Olympic National Park


Little known fact about me: I’m obsessed with the US National Parks!  It started with a class project in the third grade, when Mrs.Dixon assigned each of us a National Park to research. I got Shenandoah, which is one of the few (two at the time, three currently) on the East Coast.  Being pre-internet times, we had to write letters to the National Parks Services department and await an envelope full of brochures and pamphlets. There is a bit of a running joke in my family about “The Great Shenandoah National Park Project,” because while most other kids glued some stuff onto some cardboard, I used one of my dad’s old work binders to create my masterpiece, and made a model of the park using various train set components I found in the basement. This is probably not surprising to anyone who knows me – I love a good project! My parents, being good sports, actually took me and my sister there on a road trip that summer!


All this to segue into the fact that when drafting our plans for our epic two week road trip, Maria and I decided that we’d hit up a bunch of National Parks. The first stop was Olympic National Park, just a two hour drive south and west of Seattle. To be honest, this was probably the one we were least prepared for, both because we didn’t decide to go there that specific day until the day of, and also because it was our first park stop and didn’t really know what to expect. However, none of that really mattered as we had a great time.


We entered the park through the South entrance, which is preceded by 30 minutes worth of breathtaking views of Lake Cushman. It really made me feel nostalgic for the lake trips we do with my extended family!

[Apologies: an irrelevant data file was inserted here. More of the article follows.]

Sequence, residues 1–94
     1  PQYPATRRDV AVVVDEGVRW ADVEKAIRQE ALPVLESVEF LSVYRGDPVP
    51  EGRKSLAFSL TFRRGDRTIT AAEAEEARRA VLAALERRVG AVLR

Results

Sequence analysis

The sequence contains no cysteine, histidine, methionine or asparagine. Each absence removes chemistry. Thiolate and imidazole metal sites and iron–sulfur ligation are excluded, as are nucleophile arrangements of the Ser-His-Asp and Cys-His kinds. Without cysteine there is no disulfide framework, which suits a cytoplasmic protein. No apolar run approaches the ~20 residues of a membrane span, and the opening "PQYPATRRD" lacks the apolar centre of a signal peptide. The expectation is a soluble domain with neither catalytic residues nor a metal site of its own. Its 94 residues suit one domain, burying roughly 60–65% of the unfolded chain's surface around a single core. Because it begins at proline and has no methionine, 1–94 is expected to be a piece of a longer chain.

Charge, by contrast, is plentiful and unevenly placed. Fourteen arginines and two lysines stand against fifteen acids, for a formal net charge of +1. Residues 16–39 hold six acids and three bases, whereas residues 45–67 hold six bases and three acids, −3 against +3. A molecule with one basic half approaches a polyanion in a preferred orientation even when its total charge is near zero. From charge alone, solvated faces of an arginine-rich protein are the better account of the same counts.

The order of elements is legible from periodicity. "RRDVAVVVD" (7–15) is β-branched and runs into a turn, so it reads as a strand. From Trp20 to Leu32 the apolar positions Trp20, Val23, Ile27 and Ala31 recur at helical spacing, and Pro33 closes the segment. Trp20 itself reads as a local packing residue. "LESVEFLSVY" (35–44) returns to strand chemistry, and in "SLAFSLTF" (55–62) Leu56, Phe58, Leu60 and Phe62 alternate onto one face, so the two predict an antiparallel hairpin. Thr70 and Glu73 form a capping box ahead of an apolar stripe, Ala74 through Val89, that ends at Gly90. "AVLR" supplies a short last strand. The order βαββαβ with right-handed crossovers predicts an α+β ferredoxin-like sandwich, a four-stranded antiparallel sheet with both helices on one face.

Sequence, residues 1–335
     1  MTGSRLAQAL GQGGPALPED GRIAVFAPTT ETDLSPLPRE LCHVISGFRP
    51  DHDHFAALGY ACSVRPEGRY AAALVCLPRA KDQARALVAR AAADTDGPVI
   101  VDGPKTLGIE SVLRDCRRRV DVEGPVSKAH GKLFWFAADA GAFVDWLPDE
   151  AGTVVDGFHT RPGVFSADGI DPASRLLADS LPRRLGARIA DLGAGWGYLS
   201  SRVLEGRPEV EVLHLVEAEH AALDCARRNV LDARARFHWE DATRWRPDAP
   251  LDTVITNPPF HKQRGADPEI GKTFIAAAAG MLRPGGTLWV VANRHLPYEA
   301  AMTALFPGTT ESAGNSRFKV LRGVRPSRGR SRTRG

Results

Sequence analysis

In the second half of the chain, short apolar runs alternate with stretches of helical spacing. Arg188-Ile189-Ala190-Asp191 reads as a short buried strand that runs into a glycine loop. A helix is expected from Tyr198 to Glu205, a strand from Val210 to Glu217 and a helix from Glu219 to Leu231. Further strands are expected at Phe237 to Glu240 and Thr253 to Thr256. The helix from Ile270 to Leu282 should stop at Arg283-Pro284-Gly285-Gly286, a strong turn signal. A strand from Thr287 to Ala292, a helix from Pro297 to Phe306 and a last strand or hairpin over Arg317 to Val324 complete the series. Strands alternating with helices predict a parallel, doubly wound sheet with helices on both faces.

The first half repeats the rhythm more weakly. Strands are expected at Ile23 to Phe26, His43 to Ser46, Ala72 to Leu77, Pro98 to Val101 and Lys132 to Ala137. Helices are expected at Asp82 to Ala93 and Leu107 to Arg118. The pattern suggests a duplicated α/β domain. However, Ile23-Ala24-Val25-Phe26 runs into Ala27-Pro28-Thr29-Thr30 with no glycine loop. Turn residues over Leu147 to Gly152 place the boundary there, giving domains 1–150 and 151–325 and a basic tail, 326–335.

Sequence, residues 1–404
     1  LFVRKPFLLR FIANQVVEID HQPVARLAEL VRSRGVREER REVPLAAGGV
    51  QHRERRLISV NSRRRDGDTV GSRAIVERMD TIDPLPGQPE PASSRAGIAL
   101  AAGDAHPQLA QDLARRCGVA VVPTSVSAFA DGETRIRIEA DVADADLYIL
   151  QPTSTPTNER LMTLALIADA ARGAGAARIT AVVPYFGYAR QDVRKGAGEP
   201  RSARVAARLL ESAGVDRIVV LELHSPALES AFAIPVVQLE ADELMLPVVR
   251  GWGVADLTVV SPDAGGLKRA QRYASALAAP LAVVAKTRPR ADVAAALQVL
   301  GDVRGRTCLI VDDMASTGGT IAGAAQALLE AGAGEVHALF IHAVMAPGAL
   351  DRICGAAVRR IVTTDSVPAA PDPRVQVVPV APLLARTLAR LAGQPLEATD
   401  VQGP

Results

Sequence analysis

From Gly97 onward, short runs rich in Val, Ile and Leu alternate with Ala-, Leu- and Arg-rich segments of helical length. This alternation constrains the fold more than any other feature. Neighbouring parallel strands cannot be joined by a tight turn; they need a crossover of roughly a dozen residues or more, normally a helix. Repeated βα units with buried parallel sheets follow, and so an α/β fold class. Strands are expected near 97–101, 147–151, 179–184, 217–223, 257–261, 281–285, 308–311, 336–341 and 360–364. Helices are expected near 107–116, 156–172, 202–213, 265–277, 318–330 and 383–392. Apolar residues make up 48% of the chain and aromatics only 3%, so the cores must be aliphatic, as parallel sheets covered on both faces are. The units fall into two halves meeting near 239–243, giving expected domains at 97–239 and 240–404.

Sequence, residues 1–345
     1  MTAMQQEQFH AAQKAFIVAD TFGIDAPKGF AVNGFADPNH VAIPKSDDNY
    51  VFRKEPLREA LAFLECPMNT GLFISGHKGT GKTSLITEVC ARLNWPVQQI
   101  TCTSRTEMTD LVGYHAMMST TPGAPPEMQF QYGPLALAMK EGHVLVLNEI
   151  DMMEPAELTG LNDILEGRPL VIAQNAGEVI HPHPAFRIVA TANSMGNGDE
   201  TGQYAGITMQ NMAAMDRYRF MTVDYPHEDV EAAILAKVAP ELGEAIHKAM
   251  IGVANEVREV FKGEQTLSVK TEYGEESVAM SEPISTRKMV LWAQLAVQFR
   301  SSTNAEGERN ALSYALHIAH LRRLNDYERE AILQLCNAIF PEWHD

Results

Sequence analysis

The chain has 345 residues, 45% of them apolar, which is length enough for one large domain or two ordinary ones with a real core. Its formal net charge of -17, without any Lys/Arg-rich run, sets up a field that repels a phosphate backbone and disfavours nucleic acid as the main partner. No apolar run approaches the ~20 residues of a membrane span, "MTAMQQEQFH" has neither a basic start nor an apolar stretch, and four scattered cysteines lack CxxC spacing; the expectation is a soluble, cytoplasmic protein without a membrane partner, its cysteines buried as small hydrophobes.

A very helpful park rangers suggested that we start in the Staircase region, and pointed us towards a shorter hike, with optional extension.



It was a good first day’s hike! I would estimate that it was 4-5 miles total, which is moderate; however, the extension portion of the trail was STEEP! The sign we found at the bottom of the trail noted a 4000 ft elevation change in the span of 2.5 miles or so. We probably only made it halfway before turning around and taking a different loop back to the ranger station.  The shaded/flatter hike around the base was much easier!


This view is quite deceptive; the ledge we were standing on was very high up which you can somewhat tell if you use the bridge in the distance as a reference.



A fun way to kick off our visit to our country’s National Parks!


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